Companies that succeed in delivering consistently positive customer experiences will enjoy increased referrals, loyalty, advocacy, customer share, repeat business, top line revenues and vocal advocates promoting the brand in online and offline channels. Companies that sit the sidelines will become the source for their forward looking competitors to secure net new market share.
Categories: Customer Experience software
Tags: CEM, CXM, CX
Author: Chuck Schaeffer
||— Comments for this page are closed —
||I've heard some pundits suggest that the transition from CRM to CXM is comparable to business efficiency versus customer effectiveness. But I think such an analogy is overly simplistic and far too broad. While its hard to say exactly how CRM or other software should support CX, I’m sure you are right when you suggest this strategy will be stretched by many vendors in many different directions. In fact I’m sure some CRM software vendors will wrap themselves in the CX banner (creating innovation by name change) which is unfortunate as there really is a big opportunity here.
||John Paul Narowski
Great article Chuck, thanks for starting this conversation. I agree that companies should focus on the customer experience rather than "managing" the needs of customers. Each touchpoint offers an opportunity to improve the customer experience - and businesses need to start paying attention to the overall customer experience across all of these touchpoints.
I like your point that traditional CRM functions aren't going away - far from it. And I agree that there are new features that can help businesses improve the customer experience. But creating a great customer experience is more than just software - it's the approach, the mentality, and the culture of the business that makes or breaks the customer experience (assuming the business has decent software, employees and organization, of course.)
The customer service environment is changing – today’s customers are more informed and more demanding. Customer service is no longer an afterthought – it’s a competitive tool that’s intimately connected with marketing and sales teams. Customers are forward thinking – they take service into account when making big purchases, and they will choose the product backed up by better service when they can. They are willing to spend a bit more with a company they can trust. Looking at things from the customers' perspective, and building a great relationship by making each experience a positive one, are becoming crucial aspects of business. They help build trust. Customer service is no longer just a department - it's a philosophy, and providing a positive customer experience needs to be the focus of every employee. John-Paul Narowski, Founder - karmaCRM, www.karmacrm.com.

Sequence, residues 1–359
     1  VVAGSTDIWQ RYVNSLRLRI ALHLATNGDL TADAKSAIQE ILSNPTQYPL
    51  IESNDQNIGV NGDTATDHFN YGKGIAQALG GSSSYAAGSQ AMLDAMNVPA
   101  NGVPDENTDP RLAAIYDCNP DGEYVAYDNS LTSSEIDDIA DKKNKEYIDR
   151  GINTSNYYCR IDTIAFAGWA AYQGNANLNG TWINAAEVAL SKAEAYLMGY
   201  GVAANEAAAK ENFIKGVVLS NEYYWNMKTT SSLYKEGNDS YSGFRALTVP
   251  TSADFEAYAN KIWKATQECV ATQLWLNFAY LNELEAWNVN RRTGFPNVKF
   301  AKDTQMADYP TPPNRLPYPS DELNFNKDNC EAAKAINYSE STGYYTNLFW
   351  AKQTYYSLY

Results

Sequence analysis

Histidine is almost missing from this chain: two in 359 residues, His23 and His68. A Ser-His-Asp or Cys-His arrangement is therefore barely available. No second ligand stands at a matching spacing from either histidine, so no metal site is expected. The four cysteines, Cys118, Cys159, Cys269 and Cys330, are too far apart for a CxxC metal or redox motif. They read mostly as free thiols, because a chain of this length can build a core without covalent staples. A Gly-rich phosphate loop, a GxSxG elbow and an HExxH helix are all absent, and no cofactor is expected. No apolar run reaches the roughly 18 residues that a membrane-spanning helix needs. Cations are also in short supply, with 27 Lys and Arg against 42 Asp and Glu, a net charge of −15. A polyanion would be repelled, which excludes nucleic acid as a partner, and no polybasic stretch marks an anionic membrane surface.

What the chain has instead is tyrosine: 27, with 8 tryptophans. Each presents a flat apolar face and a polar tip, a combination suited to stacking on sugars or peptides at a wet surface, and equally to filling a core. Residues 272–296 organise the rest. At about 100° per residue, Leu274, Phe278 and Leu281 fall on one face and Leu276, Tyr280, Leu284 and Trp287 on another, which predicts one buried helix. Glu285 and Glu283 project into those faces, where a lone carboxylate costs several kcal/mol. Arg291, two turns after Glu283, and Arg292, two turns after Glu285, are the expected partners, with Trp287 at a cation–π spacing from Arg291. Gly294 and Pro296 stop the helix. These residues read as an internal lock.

||I’m a new CMO and have been charged by the CEO to implement a CX program. Any advice in how to get started?
Sure. First, make sure the CX program is not a ‘Marketing’ program. As a CMO you may be in good position to demonstrate leadership and contribute to a cross-departmental team. But CX is far more than just marketing and every department that impacts touch points along the customer journey must be an integral member of the program.
Second, find your initial baseline by understanding what customers think of the customer experience they receive from your company. Forrester VP and principal analyst, Kerry Bodine, suggests that marketers can determine customers’ perceptions by asking three questions: Is the company meeting the customers needs? Is the company easy to interact with? And is interacting with the company enjoyable? The answers to these questions will reveal improvement areas that can then be prioritized for resolution.
Third, when implementing CX programs make sure to measure the right metrics. Marketers can find a nearly limitless number of customer activities to measure, but in reality, finding just the few that matter most is best advised. NPS (Net Promoter Score) is a good starting point for measuring customer satisfaction. Aligning NPS to CLV (Customer Lifetime Value) is important in demonstrating that NPS is more than just a feel-good score. Also consider including less subjective criteria such as referral value to CLV. It’s often a good idea to include demographic along with transactional metrics (customer share, customer tenure, purchase frequency, customer profitability) to understand customer value in a way that can then be used to grow more successful CX and customer relationships with targeted efforts.